More changes on licensing

HUGH ROWLAND, licensing partner at law firm Gotelee & Goldsmith, explains how further changes in the rules are on the way for licensed premises

From April, irresponsible drink promotions and the dispensing of alcohol by one person directly into the mouth of another (“the dentist’s chair” is but one example) have been banned and the provision of free drinking water on licensed premises is required.

Banned “irresponsible drink promotions” are those which are “carried on for the purpose of encouraging the sale or supply of alcohol for consumption on the premises in a manner which carries a significant risk of leading or contributing to crime and disorder, prejudice to public safety, public nuisance or harm to children”.

Promotions such as “all you can drink for �10” are now illegal.

From October 1, it will become mandatory to have in place an age verification policy (for instance “challenge 25”) and to offer smaller size measures of alcohol (for instance 125ml glasses of wine).


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A “responsible person” (defined as the premises licence holder, the designated premises supervisor, or a person authorised to sell alcohol) will be liable on conviction for breach of any of these conditions to a fine of up to �20,000 and/or six months imprisonment.

The conditions will be deemed to be entered on the premises licence and do not need to be printed on it to be effective. It is essential that these conditions are brought to the attention of all those working in the industry.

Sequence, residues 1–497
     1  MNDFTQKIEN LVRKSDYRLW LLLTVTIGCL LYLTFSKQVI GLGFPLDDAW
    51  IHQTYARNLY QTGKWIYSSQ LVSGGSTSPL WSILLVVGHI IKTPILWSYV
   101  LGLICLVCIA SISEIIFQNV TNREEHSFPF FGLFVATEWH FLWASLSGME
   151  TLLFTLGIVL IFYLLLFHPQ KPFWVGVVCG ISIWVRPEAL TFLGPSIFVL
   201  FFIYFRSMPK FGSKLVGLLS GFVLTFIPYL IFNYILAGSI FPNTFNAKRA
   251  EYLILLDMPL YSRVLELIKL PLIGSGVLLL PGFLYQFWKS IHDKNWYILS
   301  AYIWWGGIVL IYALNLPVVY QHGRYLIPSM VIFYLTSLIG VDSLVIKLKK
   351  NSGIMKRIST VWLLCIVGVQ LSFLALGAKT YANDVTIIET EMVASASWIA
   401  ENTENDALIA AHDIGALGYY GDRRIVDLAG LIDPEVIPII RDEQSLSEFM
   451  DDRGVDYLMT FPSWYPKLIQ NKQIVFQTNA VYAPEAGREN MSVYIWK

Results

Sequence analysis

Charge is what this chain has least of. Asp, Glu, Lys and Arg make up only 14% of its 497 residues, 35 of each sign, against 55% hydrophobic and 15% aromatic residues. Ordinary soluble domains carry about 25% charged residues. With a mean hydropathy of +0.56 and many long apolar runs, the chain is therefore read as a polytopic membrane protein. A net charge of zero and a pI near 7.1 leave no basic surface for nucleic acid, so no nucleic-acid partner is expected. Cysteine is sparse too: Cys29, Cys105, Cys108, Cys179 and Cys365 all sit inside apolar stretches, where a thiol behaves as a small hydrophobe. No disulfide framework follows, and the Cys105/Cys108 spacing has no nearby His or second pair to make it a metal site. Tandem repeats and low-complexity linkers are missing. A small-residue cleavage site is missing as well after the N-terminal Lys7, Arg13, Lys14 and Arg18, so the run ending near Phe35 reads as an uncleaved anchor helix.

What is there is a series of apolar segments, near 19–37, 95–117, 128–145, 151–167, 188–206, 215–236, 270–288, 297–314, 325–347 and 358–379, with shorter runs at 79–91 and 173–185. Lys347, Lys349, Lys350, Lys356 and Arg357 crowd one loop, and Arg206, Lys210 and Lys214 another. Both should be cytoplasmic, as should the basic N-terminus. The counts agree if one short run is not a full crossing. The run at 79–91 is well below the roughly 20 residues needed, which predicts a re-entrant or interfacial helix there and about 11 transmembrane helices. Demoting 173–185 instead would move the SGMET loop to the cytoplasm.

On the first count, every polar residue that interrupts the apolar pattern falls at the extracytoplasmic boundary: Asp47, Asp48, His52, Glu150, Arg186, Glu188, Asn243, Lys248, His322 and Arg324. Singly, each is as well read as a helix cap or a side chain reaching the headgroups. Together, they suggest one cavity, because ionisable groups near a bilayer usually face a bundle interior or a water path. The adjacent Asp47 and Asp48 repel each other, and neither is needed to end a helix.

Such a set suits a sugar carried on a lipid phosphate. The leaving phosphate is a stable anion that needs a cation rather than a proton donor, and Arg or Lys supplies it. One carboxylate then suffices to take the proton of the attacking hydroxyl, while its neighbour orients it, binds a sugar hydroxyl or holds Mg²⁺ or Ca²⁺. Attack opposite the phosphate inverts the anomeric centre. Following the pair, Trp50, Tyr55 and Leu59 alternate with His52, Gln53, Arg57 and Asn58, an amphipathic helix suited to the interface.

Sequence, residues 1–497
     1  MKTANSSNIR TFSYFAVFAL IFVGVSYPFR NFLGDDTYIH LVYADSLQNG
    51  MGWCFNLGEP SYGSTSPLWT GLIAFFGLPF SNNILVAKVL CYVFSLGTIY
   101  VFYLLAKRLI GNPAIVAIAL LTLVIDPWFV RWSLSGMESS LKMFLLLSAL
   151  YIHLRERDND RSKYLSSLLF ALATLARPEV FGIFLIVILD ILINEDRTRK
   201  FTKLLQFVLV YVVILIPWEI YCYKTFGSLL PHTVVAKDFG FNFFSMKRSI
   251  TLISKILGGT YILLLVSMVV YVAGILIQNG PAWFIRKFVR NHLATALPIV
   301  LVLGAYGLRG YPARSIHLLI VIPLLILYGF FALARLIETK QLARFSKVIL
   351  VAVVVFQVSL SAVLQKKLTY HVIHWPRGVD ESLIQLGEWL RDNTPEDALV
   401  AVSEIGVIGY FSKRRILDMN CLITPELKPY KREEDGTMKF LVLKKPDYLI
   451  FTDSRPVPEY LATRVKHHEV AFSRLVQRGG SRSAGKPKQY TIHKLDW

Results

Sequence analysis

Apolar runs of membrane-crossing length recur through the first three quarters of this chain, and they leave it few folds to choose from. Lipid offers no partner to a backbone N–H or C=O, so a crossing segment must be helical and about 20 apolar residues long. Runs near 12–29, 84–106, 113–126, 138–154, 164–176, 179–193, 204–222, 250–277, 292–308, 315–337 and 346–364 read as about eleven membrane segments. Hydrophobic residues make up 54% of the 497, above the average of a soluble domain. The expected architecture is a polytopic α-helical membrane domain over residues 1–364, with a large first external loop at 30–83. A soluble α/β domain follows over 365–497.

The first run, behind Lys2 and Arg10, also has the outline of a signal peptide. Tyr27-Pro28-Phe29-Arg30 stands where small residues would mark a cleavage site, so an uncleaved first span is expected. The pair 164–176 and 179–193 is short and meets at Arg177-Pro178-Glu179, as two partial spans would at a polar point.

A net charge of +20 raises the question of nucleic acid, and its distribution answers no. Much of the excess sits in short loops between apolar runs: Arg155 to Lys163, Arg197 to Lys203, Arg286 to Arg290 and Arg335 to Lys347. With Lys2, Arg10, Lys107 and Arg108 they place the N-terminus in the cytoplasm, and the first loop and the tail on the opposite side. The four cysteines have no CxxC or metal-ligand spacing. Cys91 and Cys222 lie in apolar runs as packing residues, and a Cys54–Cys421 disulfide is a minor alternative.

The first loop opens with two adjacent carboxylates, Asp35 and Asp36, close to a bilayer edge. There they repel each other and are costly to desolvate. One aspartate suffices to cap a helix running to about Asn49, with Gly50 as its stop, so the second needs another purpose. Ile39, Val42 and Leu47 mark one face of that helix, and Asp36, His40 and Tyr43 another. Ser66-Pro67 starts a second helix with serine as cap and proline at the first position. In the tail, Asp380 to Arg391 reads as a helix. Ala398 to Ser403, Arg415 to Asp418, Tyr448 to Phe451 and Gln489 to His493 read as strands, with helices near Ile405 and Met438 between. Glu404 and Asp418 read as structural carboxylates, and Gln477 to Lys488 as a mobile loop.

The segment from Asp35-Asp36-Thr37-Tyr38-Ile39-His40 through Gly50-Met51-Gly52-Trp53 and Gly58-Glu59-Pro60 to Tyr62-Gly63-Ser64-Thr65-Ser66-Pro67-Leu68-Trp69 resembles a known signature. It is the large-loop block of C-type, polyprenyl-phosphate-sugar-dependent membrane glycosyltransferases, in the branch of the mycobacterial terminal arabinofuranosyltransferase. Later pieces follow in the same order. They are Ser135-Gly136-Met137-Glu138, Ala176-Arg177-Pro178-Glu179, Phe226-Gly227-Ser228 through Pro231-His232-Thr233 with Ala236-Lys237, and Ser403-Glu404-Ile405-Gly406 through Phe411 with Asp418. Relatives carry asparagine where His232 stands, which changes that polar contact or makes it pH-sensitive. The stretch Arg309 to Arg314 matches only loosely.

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Looking further ahead, the Queen’s Speech in May made it clear that the Government would be looking carefully at the licensing regime introduced by the Licensing Act 2003 and that changes would be made.

The forthcoming Police Reform and Social Responsibility Bill will, in the words of the Home Secretary, “tackle the drink fuelled violence which is blighting many of our communities”.

The total costs to the tax payer of alcohol related crime and disorder is between �8billion and �13bn.

As a first step, the Home Office is consulting on “Rebalancing the Licensing Act”.

Proposals considered in the consultation paper include increasing powers to refuse or revoke licences, increasing licence fees both generally and also to pay for policing late night drinking, banning below cost sales, an overhaul of temporary event notices, revocation of licences for non payment of fees, extending the proximity criterion for residents representations and many others.

If you want to have your say you have until September 8. See www.homeoffice.gov.uk/publications/consultations.

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